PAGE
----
The Furies

Bar News

Recently the Bar Association arranged a photograph of the Bar taken on the steps of the Supreme Court, but it was at 1pm on a court day when any self-respecting busy barrister would be unable to attend given court commitments – is it actually just a photo of all those who do not, in fact, do much appearance work? And what is it with the separate photo taken of just the women?

When we heard the call out for barristers’ bodies to adorn the steps of the Law Courts building, we were initially alarmed. Was the Bar Association aiming for high art? Was it organising something like a Spencer Tunick mass human installation where the requirement for wigs and gown required little else and a high degree of body confidence? If so, was the Bar Association aware of the risk that tomato soup, as a projectile, presently poses to such installations? The two possibilities combined were enough to turn us off taking part. (That, and the lengthy trial in which we were engaged at the time.) But when we came out, blinking into the sunshine that fateful lunchtime, we saw the (attired) barristers, we saw the bonhomie and we longed to be a part of something bigger than ourselves, something more significant than our quotidian existence, something less soul destroying than the post-lunch court shift of 2pm to 4 pm which awaited us. In short, we wanted immortality and so, we confess, we photo bombed the shoot for a minute or two. We still do not know if the photo chosen will contain us or not (and thus our identity shall forever remain a mystery since our absence or presence is conclusive of nothing), but it felt good to be a part of the moment and it felt right that the Bar Association had marked something. What it marked exactly, we remain unsure. The bar’s resilience? As a profession we survived COVID-19, we met its challenges and some of us even thrived. Our diversity? Perhaps. Although we cannot help but think that people in years to come will decry how few women and people of colour were represented in the photo notwithstanding the selective highlighting of barristers identifying as female by their own photo shoot. Then again, the curator’s plaque to any exhibition of the photo could just explain that it was taken at 1 pm on a court day when any self-respecting busy barrister was unable to attend given court commitments (photo bombers excepted). Perhaps then the viewer will look at the composition of the photo, pause and then nod knowingly before moving onto the soup splattered Whiteley.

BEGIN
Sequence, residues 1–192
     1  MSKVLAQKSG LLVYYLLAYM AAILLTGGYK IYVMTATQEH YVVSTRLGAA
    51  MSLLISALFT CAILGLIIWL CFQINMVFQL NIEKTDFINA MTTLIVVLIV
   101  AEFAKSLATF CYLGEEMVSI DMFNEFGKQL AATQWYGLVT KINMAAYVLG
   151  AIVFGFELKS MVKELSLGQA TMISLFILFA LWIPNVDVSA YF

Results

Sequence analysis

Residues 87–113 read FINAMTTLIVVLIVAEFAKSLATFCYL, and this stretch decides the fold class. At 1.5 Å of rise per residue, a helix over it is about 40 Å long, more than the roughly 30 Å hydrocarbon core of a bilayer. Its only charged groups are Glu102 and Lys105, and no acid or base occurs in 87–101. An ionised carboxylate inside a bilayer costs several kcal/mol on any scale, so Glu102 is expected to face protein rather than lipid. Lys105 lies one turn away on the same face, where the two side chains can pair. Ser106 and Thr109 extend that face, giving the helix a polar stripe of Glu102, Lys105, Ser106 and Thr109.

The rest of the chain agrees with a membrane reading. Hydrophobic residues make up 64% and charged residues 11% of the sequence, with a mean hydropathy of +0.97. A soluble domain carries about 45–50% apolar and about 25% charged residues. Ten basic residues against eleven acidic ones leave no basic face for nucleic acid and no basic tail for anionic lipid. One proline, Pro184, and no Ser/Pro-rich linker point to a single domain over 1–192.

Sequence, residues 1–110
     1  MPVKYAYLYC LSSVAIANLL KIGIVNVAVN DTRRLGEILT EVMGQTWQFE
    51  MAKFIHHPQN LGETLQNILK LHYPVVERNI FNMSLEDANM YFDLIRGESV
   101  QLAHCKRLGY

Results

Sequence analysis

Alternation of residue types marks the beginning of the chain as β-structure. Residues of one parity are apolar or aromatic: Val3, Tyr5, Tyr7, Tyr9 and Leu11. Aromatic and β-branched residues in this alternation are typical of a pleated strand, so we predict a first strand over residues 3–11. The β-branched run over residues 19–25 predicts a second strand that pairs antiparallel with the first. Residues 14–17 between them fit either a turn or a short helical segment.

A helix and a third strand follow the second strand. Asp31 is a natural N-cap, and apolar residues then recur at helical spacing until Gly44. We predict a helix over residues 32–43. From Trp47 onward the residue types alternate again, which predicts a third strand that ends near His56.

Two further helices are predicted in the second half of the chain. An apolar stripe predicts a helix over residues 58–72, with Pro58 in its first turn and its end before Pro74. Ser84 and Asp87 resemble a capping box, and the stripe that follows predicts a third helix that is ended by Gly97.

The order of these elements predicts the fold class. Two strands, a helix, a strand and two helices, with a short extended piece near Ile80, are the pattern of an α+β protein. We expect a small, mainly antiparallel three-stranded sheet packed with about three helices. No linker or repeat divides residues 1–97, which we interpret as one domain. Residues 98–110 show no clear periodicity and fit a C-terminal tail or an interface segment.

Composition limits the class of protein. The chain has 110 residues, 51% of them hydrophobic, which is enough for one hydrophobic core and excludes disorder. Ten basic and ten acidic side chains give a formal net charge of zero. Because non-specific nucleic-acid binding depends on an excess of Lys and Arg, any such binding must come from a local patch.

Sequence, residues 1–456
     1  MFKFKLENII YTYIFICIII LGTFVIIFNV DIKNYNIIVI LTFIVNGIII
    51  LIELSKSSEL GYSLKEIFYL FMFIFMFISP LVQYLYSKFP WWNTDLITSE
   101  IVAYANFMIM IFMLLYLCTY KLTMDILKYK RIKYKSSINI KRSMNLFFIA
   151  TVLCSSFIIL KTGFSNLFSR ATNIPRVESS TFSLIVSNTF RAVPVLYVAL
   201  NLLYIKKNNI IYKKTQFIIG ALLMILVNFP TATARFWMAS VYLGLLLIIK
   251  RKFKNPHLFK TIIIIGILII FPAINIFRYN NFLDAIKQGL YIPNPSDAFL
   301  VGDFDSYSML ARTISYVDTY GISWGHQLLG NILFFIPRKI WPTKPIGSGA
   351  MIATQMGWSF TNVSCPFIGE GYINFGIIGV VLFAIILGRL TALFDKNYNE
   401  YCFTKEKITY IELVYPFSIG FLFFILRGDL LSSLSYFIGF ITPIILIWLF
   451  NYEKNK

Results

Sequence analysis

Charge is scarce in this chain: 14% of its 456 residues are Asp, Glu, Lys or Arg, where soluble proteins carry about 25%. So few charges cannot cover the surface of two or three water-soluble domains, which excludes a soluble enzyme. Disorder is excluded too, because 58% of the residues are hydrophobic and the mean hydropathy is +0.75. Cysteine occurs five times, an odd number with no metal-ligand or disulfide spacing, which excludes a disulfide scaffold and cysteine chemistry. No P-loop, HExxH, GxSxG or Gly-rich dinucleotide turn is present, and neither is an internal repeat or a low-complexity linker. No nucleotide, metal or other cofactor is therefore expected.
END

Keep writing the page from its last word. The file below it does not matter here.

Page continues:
The usual anxiety I feel about December increased exponentially when the listing judge decided to set a matter down for the week after the last week of court term. The matter was not urgent and the judge and my silk half joked about sitting on the 25th. While I can handle a hearing in the last week of term, I need that week before Christmas to organise everything: this year it is my turn to host the extended family! Help!

We feel your pain. Unless you have grown up in another faith entirely (and, trust us, as committed pantheists, we have not been spared), Christmas is a mandatory celebration if you have children or family with young children. There is a touch of Scrooge in the lack of Christmas spirit exhibited by the judge and your silk. But we know that, unlike Scrooge, no change of heart will come to them at Christmas time and yet, they will sit at a table laden with carefully prepared food set amid a beautifully presented and decorated house surrounded by family and friends. They will be pleasantly surprised by the thoughtful presents handed to them and to their family, even where those presents are ‘from’ themselves. We doubt they will give any thought to the time and effort devoted to making the festivities about them possible. However, if they did, they might wonder, how did this all come to pass? Two possibilities present themselves. The first possibility is that little elves did everything. They wrote the present lists for the family, the extended family, the work colleagues and staff, the kids’ teachers, their music teachers and the after-school carers. They dutifully sourced, ordered, bought, wrapped and distributed said presents. Other little elves organised menus and grocery lists for the entertaining and hosting. Then, they dutifully bought, organised, stored, cooked and presented the food. Still other little elves cleaned and decorated the house while their little friends sourced, ordered, bought and organised the transport of a live tree and then installed, watered and decorated said tree. The ‘little elf’ theory is a favourite of small children and toddlers. We assume most adults will discount this possibility almost immediately. The second possibility is that Christmas ‘happens’ because actual people make it happen. Sometimes these people are barristers and they do it all while working during the busiest time in the court calendar. We assume most adults will accept that this is more likely than the ‘little elf’ theory. We also expect that most adults will appreciate that without these culturally significant times of coming together and reflection, society loses the capacity to cohere and reproduce itself and its traditions. This is so whether it is Christmas, Pesach, Eid al-Fitr or Chinese New Year. So, if the silk and judge wish to work up to Christmas Day, so be it. But if they sneeringly condemn others for not doing the same, we just hope that the elves bring them the Christmas they truly deserve. BN

Bar News